While much has been written about the structural changes that have occurred in the U.S. swine industry, a more subtle, yet dramatic, shift is underway that will have major implications for price and international trade in coming years. This shift is the increasing reliance of U.S. producers on segregated early weaning (SEW) and feeder pigs born in Canada.
To understand this shift, one must first examine the ongoing changes in the U.S. industry. With the advent of two- and three-site production systems, farrowing is increasingly separated from nursery and finishing sites.
In 1988, Iowa had 25% of the U.S. breeding herd and 26% of market hog inventory, as reported in the March 1 USDA Hogs and Pigs report. In the March 1, 2002 report, Iowa producers had only 18% of the breeding inventory, but still held 27% of the market hog inventory. Beginning in 1997, Iowa producers reinvested in nursery and finishing facilities at a much higher relative rate than in breeding and gestation facilities.
Where do the pigs for these nursery and finishing facilities come from? While neighboring states such as Missouri, Minnesota, Illinois and Nebraska remain significant sources of SEW and feeder pigs (Table 1), a relatively new source of pigs for finishing facilities comes from Canada.
The influx of Canadian-born SEW pigs and feeder pigs is increasing (Figure 1). In 1999, 1.94 million pigs weighing 110 lb. or less crossed the border, an average of 37,000 weekly. In 2001, the number climbed to 3.14 million, averaging 60,000/week.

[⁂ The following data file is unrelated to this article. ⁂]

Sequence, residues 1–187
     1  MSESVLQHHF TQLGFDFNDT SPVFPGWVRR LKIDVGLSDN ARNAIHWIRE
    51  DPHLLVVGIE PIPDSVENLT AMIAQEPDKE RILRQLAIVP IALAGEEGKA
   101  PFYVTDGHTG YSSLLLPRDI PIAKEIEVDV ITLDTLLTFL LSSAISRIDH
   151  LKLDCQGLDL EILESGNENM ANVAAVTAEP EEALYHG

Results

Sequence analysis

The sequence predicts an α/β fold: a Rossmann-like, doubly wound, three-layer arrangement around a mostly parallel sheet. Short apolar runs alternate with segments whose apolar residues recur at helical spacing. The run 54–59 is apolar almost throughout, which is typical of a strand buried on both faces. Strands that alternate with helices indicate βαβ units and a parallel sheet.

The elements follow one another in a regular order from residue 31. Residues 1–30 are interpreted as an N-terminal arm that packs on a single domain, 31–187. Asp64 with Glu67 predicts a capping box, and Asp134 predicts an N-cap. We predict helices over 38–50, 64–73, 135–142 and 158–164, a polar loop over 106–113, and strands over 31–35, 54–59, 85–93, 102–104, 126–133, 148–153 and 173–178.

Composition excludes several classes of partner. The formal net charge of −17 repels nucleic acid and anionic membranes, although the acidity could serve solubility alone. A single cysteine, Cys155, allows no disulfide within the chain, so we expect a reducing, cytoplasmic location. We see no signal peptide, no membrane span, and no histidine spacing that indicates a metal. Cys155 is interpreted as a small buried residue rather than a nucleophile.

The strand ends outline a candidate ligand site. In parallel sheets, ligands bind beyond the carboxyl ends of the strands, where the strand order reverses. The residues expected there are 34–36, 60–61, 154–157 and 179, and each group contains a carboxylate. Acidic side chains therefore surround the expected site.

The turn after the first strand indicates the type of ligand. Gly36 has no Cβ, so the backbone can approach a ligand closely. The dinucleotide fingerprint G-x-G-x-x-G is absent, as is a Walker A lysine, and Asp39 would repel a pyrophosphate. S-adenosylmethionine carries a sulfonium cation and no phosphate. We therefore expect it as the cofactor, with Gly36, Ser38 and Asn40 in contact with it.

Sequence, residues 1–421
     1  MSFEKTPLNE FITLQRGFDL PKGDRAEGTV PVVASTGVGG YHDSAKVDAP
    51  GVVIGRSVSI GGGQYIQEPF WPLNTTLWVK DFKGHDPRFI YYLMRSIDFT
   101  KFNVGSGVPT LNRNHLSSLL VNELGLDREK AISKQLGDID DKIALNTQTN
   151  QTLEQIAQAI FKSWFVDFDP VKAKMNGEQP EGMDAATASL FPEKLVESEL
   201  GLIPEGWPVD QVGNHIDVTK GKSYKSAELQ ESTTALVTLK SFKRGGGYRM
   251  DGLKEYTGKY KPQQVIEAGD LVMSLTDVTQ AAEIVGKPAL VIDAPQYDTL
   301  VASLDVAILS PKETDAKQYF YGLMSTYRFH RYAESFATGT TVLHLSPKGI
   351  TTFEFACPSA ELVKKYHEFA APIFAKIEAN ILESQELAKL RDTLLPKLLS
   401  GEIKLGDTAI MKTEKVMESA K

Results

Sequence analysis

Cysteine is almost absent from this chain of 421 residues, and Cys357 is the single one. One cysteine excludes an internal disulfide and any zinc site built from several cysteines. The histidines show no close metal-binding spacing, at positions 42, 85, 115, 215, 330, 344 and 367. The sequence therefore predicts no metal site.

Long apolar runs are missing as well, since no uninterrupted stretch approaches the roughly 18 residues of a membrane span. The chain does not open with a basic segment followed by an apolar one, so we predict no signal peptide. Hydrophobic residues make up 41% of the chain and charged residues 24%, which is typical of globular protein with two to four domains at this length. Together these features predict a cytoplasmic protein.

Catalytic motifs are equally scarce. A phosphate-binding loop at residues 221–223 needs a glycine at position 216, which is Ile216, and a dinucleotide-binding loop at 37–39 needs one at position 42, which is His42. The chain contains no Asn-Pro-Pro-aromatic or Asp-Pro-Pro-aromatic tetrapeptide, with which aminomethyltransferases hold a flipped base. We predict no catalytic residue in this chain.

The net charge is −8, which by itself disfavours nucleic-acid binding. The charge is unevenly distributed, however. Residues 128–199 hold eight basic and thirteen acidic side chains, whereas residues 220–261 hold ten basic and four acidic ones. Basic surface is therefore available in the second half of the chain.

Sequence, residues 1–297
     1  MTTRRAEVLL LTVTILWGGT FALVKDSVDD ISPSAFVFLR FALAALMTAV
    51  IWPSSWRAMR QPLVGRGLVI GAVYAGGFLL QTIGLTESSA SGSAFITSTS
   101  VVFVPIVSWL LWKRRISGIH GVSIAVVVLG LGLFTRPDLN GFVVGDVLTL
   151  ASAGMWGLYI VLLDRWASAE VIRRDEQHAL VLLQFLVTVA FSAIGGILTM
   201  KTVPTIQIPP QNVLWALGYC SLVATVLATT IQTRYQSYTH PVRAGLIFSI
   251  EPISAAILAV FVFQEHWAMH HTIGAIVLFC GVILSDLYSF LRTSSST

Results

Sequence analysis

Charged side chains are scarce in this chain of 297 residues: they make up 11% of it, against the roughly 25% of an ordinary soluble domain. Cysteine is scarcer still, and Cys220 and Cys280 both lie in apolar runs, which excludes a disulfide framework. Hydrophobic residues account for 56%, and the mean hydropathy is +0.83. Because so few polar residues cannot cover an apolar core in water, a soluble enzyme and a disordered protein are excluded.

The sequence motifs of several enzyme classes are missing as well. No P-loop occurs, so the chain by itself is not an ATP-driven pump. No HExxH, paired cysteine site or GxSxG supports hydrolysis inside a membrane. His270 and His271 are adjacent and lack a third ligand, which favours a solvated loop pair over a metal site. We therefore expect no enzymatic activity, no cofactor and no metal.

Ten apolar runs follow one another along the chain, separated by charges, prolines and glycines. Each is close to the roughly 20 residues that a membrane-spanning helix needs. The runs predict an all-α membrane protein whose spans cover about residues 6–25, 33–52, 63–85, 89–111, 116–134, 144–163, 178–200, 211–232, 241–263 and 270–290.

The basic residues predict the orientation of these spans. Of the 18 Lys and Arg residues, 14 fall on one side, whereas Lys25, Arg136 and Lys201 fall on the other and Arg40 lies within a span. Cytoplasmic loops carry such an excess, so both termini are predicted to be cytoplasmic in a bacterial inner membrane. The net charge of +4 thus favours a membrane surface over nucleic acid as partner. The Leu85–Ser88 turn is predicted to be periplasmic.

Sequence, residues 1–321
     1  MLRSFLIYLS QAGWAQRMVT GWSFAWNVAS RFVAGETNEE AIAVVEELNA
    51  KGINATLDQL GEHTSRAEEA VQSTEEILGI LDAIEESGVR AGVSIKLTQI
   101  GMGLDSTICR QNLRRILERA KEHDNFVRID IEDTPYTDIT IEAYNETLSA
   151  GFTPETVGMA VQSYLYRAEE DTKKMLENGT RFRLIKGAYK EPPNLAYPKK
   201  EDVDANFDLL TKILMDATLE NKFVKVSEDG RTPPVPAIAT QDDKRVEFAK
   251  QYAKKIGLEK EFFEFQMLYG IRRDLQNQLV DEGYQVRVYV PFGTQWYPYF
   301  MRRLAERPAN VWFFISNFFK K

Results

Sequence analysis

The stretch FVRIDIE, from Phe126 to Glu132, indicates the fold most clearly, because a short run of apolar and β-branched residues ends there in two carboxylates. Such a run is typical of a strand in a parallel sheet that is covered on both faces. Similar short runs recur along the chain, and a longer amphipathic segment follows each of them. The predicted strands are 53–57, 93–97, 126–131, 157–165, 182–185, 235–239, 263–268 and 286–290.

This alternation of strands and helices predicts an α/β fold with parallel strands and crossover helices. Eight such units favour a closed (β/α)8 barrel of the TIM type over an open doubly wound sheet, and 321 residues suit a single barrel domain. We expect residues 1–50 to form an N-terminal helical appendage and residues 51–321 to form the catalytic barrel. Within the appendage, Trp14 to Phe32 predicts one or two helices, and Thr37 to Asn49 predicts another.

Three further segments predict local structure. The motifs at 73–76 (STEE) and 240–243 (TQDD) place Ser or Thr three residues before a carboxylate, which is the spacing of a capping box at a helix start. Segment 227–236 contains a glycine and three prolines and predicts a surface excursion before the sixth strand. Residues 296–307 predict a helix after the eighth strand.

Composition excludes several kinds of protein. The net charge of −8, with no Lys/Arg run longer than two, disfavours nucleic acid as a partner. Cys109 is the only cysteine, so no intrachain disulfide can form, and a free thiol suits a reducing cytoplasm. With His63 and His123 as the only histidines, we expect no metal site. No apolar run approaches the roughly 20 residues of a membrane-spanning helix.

In the first 3 months of 2002, the average increased to over 73,000/week. To understand the magnitude of this increase, there were only six weeks in 2001 that had 73,000 or more feeder pigs cross the border.
If the rate of increase in imports noted for 2000 and 2001 is maintained in 2002, U.S. producers will import 4.1 to 4.4 million feeder pigs this year. If the first-quarter 2002 rates continue, it is quite possible that total feeder pig imports from Canada could approach 5 million pigs this year.
There are several reasons more pigs are being imported from Canada. A primary reason is demand. As the U.S. industry evolves, new farrowing facilities are only being built when all of the pigs from the facility have a home.
And, when traditional farrow-to-finish producers stop farrowing, they often continue to use their nursery and finishing facilities. Unless they invest in a farrowing facility to provide pigs, they must look to the open market, which is increasingly Canadian-born pigs.
The second reason for the influx of Canadian pigs is the strong American dollar relative to Canadian currency. Canadian producers want to sell pigs to U.S. producers because of the favorable exchange rate. Often, U.S. buyers are able to purchase Canadian-born pigs delivered at a price equal to, or lower than, local pig prices. This exchange-rate phenomena is not unique to the swine industry. Many U.S. manufacturing industries face similar price differentials which make it cheaper to manufacture a product in Canada and ship it south.
Points of Origin, Destination
Where are the Canadian pigs coming from? According to USDA-APHIS (Animal and Plant Health Inspection Service) statistics on border crossings, 62% of the feeder pigs coming into the U.S. in January-March 2002 originated in Manitoba and Saskatchewan. Another 36% crossed the border at Ontario checkpoints.